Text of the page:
Like Carlo Perrone at the Hermitage of Pompadour and the family apartment in Rome, Pierre-André Maus, too, asks Jacques to decorate his houses, just as his parents Bertrand and Micheline did before him with their various commissions. .
Traveling has always been a source of inspiration and wonder for Jacques. Thanks to the Pahlavi family, he discovered Iran and India, and especially Mughal art, which remained for him one of the heights of civilization.
For Jacques, the 1970s were a decade of travels and discoveries that would influence fashion and decoration. Then came Morocco. During a stay with Yves Saint Laurent, he simultaneously discovered Marrakech and Andy Warhol. The result was an explosion of colors: the colors of North Africa and the Middle East, and the colors of pop art. With them, his universe is impregnated with colors. Having an eye is a gift; having a style takes work.
Andy and Yves were both voracious collectors. In Paris, Jacques accompanies them on their shopping sprees for the Art Deco pieces they make fashionable. Later, his relationship with Yves and Pierre Bergé became more professional.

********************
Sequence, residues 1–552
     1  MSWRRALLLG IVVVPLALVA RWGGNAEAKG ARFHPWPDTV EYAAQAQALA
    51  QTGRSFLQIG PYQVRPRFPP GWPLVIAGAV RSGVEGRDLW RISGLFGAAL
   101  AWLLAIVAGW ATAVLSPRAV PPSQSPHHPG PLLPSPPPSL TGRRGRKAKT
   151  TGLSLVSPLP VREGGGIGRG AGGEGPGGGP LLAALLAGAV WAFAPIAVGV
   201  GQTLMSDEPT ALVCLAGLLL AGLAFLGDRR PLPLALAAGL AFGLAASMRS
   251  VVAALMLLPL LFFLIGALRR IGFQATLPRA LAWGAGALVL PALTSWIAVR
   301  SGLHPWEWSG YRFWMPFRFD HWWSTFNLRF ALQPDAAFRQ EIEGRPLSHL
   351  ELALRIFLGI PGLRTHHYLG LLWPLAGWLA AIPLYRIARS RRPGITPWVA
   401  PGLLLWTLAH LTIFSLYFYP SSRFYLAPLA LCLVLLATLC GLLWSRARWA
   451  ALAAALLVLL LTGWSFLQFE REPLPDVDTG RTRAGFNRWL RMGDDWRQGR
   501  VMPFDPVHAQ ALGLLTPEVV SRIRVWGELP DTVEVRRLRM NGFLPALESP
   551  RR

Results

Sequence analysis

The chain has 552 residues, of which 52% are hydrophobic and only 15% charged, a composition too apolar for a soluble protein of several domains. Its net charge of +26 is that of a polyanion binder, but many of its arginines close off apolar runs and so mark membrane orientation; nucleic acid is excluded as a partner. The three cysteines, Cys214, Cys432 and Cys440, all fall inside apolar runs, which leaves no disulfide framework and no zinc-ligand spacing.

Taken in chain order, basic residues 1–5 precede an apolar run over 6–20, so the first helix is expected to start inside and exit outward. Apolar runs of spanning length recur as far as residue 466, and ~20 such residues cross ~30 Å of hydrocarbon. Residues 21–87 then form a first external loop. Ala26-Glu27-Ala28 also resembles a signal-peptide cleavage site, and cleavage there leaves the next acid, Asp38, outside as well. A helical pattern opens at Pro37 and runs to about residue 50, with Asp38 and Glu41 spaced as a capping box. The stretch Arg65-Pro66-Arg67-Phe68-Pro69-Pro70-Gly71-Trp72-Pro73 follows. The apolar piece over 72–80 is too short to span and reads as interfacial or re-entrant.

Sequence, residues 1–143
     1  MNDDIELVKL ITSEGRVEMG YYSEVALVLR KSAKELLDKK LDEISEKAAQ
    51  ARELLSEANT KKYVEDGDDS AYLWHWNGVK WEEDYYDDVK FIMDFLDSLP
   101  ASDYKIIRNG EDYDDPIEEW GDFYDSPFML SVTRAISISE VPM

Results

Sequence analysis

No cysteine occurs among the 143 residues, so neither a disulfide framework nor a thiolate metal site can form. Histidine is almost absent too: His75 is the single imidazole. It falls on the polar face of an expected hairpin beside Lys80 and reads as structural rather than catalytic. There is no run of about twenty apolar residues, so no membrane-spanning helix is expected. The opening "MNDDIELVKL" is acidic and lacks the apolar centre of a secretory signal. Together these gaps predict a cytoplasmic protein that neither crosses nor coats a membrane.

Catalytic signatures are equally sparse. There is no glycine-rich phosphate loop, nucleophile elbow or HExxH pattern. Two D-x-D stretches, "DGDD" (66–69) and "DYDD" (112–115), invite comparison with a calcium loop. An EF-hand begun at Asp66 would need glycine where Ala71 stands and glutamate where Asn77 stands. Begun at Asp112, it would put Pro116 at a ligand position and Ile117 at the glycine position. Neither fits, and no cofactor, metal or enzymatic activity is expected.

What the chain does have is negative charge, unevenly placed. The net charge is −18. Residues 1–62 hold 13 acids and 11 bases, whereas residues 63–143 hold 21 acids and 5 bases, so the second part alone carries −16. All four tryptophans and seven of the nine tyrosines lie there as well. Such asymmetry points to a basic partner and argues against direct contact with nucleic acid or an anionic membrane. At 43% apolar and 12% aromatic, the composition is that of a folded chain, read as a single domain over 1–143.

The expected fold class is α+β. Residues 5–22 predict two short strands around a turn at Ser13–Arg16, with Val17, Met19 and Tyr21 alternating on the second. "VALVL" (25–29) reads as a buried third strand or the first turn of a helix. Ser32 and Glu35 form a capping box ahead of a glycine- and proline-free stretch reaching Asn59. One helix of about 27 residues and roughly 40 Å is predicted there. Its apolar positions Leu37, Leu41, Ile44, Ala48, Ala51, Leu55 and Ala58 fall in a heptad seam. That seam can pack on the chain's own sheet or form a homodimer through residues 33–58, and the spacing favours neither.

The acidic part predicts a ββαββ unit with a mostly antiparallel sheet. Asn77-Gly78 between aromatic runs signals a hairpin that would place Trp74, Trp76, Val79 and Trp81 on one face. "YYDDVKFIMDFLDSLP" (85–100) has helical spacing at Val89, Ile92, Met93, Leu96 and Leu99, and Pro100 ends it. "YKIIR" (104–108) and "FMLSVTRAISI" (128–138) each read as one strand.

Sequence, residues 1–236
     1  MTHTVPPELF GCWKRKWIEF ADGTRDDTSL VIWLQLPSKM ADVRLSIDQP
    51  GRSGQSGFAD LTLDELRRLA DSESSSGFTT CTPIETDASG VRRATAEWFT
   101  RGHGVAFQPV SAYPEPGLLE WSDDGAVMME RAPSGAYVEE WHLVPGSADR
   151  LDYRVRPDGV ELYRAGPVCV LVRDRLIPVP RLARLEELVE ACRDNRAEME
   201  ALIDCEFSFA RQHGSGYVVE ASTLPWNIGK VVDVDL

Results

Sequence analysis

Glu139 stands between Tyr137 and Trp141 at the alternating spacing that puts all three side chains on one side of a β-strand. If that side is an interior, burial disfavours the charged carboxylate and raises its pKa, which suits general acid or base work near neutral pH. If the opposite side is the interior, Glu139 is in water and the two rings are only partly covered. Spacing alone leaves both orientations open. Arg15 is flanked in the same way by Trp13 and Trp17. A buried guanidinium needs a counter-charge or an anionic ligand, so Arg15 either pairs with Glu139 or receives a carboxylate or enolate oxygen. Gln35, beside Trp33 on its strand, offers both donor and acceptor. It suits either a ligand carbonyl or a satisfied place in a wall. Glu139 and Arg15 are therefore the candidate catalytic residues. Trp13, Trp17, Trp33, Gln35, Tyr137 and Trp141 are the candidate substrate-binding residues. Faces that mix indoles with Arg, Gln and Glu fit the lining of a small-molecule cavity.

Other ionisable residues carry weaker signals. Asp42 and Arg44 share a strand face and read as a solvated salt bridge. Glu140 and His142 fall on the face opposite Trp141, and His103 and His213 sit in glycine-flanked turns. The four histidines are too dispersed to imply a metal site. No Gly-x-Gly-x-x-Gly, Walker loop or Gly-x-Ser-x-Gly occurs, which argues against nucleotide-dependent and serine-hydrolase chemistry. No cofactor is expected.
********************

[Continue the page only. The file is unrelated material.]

He had the chance to decorate all their houses: the modernist workshop of Yves avenue de Breteuil; the apartment in the rue de Babylone; Pierre’s suite at the Lutetia hotel; the fashion house on avenue Marceau and the accessories shop on rue du Faubourg-SaintHonoré; Château Gabriel in Deauville and its dacha; and in Morocco, Villa Oasis at the Majorelle Garden in Marrakech and Villa Mabrouka in Tangier.
A SHARED JOURNEY
Interior design is above all a question of teamwork: without his loyal collaborators and the craftsmen whose exceptional skills he is passionate about, Jacques would never have been able to express his ideas or achieve such high standards. By their scope and variety, his projects – from palaces and private residences to public spaces and the restoration of historic sites – are for him so many fascinating exercises. As opulent as some of his designs are, he never lost his love of simple, welcoming homes. Her passion for cabins and wild places is widely shared in Comporta, Portugal, where her style has become a fashion benchmark.
Surprisingly, he finds as much inspiration in a Portuguese thatched hut as in a royal palace in the Emirates. He makes houses like others make poetry, music or painting. As he says: “Give love to your home, love works miracles!”
Excerpt from France Today magazine
Main photo credit: Portrait of Jacques Grange. Photo credit: JÉRÔME MACE